Is Juan Francisco Lopez-Sanchez the new Willie Horton?

There are some people who would obviously like him to be. The story, which is about an undocumented immigrant who allegedly murdered a young woman in San Francisco named Kathryn Steinle after having been released from jail, has gone national. And it’s working its way into the presidential campaign. The way the candidates deal with it (or not) will tell us a lot about the state of immigration politics today.

It’s important to understand that there’s no consensus even on the right about how much attention to give to Lopez-Sanchez’s case. Most of the Republican candidates are treading carefully so far. While they oppose the “sanctuary city” policies that meant that Lopez-Sanchez wasn’t turned over to immigration authorities when he had been arrested for lesser crimes, they haven’t yet tried to use this case as a bludgeon to attack Democrats. (The unsurprising exception to this is Donald Trump; meanwhile, for the record, many Democrats have said that a sanctuary city policy should still have allowed someone like Lopez-Sanchez to be turned over to Immigration and Customs Enforcement.)

Yet at the same time, conservative talk radio and Fox News are practically vibrating with delight over this story. When I checked in to the network’s web site this morning, it was the subject not only of the main screaming headline, but five other written stories and four videos, with more coming all the time.

What does this one case tell us about crime in America and our immigration policies? The real answer is not much, because one case is always just one case. According to the latest FBI crime statistics, around 38 Americans are murdered each and every day; every one is a tragedy. We know that as a group, immigrants are actually much less likely to commit crimes than native-born Americans. And though it illustrates an extreme negative consequence that can come from a sanctuary city policy, police in cities with sanctuary policies often argue that they help fight crime by allowing residents of immigrant communities to work with law enforcement without the fear that they’ll be turned over to immigration authorities.

Nevertheless, we’re always looking for individual stories through which we can understand larger issues, and those stories can be used for good or ill. For instance, the case of Ryan White, an Indiana teenager who contracted HIV in 1984, taught the country that AIDS wasn’t just a disease of people who (at the time) were on the fringes of society; after his death in 1990, Congress passed a bill expanding funding for AIDS research and treatment in his name. Then there are stories like Horton’s, which was supposedly about criminal justice policies but was actually just a way for George H.W. Bush to stir up racist fears among white voters in the 1988 election.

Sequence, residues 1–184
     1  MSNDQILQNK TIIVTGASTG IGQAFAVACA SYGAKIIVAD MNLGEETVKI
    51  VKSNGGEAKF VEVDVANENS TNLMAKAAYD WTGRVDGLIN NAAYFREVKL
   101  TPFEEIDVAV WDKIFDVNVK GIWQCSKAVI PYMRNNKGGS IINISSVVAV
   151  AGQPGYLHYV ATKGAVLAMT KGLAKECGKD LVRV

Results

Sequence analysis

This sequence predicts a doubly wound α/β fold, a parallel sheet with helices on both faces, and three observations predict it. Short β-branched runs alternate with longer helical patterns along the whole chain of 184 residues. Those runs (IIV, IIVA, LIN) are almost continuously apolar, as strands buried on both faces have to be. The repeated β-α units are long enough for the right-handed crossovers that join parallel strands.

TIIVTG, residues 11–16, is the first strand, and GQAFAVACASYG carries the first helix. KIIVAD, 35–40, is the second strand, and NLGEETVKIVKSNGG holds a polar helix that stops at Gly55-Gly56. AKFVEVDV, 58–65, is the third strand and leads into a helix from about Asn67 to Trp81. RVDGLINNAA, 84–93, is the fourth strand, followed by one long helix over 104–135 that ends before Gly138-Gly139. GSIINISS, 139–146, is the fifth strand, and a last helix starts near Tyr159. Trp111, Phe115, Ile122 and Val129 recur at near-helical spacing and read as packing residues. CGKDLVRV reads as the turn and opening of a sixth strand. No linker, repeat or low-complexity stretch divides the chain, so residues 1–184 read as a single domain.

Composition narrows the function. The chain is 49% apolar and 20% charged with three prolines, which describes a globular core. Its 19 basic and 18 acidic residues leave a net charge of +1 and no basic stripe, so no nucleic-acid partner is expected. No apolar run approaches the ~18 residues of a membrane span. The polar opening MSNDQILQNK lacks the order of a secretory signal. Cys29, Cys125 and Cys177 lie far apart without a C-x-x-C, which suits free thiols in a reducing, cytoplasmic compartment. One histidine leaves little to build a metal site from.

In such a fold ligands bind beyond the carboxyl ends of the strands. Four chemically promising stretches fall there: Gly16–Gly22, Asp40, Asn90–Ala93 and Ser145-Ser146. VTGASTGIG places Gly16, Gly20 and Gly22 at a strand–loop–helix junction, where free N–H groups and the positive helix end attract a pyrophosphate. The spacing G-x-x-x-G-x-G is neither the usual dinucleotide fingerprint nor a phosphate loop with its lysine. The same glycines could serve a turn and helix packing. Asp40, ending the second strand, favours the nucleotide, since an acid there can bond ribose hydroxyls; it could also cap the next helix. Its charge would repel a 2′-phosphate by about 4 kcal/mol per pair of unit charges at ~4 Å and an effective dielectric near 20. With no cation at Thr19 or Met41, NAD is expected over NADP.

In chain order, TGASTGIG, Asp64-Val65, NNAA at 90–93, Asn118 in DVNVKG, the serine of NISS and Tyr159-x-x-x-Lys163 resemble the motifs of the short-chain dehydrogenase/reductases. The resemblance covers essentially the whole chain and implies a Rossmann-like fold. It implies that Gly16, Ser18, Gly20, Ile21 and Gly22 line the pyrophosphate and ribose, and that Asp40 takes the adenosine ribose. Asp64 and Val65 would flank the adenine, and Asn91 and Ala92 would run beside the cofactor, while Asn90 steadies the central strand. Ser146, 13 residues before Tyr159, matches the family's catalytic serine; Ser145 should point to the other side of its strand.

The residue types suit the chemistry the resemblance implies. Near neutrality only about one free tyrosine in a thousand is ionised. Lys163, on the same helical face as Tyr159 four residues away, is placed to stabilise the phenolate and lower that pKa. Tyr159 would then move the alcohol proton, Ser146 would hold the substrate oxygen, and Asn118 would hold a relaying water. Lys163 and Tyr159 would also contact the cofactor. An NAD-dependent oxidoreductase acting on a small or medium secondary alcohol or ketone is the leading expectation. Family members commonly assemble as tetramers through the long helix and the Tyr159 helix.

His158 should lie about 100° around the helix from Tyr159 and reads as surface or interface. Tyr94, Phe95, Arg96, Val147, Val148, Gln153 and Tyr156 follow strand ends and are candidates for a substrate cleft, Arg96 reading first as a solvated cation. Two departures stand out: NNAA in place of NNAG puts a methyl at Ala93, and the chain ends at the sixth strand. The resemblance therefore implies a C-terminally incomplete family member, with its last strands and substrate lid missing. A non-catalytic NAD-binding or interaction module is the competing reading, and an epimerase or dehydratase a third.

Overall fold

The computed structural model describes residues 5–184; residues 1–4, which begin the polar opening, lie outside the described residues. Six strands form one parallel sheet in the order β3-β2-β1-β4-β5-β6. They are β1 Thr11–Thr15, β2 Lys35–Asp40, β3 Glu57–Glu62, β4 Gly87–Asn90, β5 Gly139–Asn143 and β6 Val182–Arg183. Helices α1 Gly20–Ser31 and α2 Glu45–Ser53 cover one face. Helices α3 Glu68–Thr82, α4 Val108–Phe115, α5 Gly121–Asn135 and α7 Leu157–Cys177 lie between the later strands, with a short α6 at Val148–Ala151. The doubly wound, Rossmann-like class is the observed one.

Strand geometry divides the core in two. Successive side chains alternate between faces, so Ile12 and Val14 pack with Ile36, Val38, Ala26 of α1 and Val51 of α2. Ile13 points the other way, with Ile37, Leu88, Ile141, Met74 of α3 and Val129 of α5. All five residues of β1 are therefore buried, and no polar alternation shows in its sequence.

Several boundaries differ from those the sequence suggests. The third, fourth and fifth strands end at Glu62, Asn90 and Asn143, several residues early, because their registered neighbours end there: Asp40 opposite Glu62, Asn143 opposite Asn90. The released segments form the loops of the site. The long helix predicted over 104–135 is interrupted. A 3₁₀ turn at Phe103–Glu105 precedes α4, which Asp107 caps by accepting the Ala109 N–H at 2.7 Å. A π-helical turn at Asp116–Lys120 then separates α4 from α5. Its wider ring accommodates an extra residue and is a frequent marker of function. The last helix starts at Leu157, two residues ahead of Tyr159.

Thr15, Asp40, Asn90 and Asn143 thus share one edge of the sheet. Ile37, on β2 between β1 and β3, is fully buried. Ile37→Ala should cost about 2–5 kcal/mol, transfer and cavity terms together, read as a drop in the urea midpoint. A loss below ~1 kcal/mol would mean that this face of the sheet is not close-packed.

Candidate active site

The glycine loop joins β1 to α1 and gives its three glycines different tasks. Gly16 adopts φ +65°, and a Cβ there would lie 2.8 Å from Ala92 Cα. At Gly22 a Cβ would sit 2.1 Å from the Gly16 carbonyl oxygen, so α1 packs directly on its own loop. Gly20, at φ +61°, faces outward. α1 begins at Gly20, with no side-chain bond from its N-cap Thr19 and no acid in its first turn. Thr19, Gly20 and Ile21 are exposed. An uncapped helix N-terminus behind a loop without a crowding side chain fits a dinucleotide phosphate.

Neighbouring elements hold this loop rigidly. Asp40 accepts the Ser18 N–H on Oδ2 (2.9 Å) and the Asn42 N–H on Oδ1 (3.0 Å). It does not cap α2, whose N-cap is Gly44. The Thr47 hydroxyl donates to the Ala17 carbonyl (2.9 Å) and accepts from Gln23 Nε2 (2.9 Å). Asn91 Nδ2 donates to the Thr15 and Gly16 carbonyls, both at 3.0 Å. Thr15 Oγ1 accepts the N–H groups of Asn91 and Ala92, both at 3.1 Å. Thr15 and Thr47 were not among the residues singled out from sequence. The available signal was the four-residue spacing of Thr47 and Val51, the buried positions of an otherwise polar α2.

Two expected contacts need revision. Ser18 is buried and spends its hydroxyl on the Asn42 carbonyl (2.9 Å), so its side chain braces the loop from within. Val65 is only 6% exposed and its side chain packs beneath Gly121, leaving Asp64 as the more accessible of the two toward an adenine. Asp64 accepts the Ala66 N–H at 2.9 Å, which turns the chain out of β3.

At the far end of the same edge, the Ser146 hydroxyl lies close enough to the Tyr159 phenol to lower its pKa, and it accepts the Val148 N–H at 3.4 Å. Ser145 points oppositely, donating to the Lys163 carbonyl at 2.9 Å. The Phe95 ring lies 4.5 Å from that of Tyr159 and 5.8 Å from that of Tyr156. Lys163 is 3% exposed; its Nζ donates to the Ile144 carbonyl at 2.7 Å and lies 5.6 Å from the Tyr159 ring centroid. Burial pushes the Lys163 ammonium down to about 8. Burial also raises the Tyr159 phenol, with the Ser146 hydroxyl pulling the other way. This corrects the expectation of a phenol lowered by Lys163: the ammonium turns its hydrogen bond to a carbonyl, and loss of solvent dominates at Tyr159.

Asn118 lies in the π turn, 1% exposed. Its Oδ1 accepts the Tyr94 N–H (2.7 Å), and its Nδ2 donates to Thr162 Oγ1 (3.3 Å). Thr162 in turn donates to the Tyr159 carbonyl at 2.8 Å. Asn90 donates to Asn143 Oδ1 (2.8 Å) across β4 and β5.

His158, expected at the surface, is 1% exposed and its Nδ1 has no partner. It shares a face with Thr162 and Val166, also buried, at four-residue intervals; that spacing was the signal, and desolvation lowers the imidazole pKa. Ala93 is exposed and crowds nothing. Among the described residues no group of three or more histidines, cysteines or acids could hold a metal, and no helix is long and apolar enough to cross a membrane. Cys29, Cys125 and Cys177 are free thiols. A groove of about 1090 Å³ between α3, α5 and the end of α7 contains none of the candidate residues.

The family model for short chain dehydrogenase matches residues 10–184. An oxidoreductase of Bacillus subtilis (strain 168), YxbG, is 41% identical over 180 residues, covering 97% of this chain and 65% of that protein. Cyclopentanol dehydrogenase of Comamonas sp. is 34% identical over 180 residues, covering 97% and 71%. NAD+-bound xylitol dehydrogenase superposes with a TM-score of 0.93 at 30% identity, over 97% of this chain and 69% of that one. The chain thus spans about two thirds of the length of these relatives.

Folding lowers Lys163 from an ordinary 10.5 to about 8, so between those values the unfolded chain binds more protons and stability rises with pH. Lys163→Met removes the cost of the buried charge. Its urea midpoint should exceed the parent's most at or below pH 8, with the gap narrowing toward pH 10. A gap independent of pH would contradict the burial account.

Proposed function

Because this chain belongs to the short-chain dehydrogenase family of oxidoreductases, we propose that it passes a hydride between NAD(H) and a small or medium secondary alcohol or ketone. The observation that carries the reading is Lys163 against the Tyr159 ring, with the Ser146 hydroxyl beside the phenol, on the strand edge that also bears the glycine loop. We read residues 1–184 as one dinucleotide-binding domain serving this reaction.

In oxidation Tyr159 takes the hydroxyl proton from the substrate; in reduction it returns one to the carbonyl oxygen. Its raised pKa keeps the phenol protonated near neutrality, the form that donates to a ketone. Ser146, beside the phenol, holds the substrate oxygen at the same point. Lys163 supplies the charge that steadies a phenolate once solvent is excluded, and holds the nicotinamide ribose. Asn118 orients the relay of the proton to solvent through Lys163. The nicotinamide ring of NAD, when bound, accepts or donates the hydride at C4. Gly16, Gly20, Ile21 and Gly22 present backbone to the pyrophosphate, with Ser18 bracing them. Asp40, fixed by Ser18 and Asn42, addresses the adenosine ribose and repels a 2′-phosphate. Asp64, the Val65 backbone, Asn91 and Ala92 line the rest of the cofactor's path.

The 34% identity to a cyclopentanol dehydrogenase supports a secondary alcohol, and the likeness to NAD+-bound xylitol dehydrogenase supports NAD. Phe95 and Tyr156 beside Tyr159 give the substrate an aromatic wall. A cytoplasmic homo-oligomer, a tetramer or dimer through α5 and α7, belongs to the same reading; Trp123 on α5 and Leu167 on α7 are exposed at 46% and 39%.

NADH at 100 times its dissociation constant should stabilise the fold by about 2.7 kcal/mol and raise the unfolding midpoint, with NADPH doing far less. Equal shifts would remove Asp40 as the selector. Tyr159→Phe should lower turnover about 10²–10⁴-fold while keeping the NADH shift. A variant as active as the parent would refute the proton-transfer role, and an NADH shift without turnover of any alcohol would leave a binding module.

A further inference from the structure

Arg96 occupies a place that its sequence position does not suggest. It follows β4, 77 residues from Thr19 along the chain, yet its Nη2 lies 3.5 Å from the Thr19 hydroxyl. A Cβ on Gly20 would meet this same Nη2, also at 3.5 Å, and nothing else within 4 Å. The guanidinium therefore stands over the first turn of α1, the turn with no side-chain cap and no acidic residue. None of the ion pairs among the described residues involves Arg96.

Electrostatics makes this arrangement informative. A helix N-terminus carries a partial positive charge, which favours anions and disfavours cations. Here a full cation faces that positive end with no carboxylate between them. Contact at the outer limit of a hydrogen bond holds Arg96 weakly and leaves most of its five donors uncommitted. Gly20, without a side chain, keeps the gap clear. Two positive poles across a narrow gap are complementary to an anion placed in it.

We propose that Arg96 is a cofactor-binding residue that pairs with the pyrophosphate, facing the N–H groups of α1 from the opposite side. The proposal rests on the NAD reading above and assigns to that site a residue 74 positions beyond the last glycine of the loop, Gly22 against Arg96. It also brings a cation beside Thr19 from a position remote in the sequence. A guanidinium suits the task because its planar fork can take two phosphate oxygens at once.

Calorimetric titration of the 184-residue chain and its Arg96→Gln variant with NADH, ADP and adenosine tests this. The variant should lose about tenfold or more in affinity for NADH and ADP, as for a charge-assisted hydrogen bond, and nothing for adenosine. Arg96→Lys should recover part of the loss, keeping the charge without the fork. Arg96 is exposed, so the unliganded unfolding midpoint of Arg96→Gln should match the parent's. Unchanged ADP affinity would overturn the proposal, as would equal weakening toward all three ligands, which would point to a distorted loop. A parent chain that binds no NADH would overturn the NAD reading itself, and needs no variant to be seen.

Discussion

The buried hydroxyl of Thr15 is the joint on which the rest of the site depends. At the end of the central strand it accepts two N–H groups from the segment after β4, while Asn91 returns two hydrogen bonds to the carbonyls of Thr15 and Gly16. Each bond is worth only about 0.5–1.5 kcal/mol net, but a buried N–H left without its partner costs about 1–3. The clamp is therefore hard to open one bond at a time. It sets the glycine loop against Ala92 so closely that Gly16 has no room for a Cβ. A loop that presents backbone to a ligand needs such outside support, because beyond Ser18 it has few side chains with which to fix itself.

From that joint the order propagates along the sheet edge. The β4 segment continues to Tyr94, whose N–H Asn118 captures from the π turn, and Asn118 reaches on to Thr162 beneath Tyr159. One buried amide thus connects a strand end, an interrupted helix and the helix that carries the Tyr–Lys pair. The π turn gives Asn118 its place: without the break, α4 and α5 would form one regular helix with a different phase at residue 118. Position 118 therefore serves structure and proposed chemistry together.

If Republican candidates are treading more carefully with regard to this story, it isn’t just because the two cases are different — it’s because there’s serious political danger in trying to make Lopez-Sanchez a reason why people should vote against Democrats. Don’t forget that Bush’s use of Willie Horton worked. Laden with the theme of dangerous and hyper-sexualized black men terrorizing white women while their emasculated husbands looked on helplessly, it resonated with white voters and didn’t produce any noticeable backlash, at least not enough to overcome the benefit Bush got from repeating the story.

But if someone like Scott Walker or Jeb Bush tried to make Lopez-Sanchez the new Horton — a symbol of fear meant to get whites to pull the lever for the GOP — he would undermine all the party’s efforts to convince Hispanic voters that whatever the party’s history on immigration reform, it isn’t blatantly hostile to them. As Michael Gerson advised yesterday: “As the old Southern strategy fades, it would be a terrible mistake to replace it with a different form of fear and exclusion.”

So we’re left with a situation where most of the candidates will criticize sanctuary city policies and make a case for tougher border enforcement, but they’ll be doing it within a context created by their side’s media, the media the primary voters they’re trying to win over are watching and listening to every day. And the Lopez-Sanchez story is exactly the kind of tale that the conservative media feast on: personal, vivid, tragic, just waiting to have all the outrage and anger they can muster poured into it. While the candidates say, “Yes, this is terrible,” behind them will be the media figures Republican voters trust, screaming at the top of their lungs that everyone should be enraged.

In that way, this particular story is a microcosm of the Republican challenge on immigration. Caught between a base eagerly eating up the red meat conservative media are feeding them and a general electorate they can’t afford to alienate, they still haven’t quite figured out how to chart a path that avoids those dangers and gets them to the White House.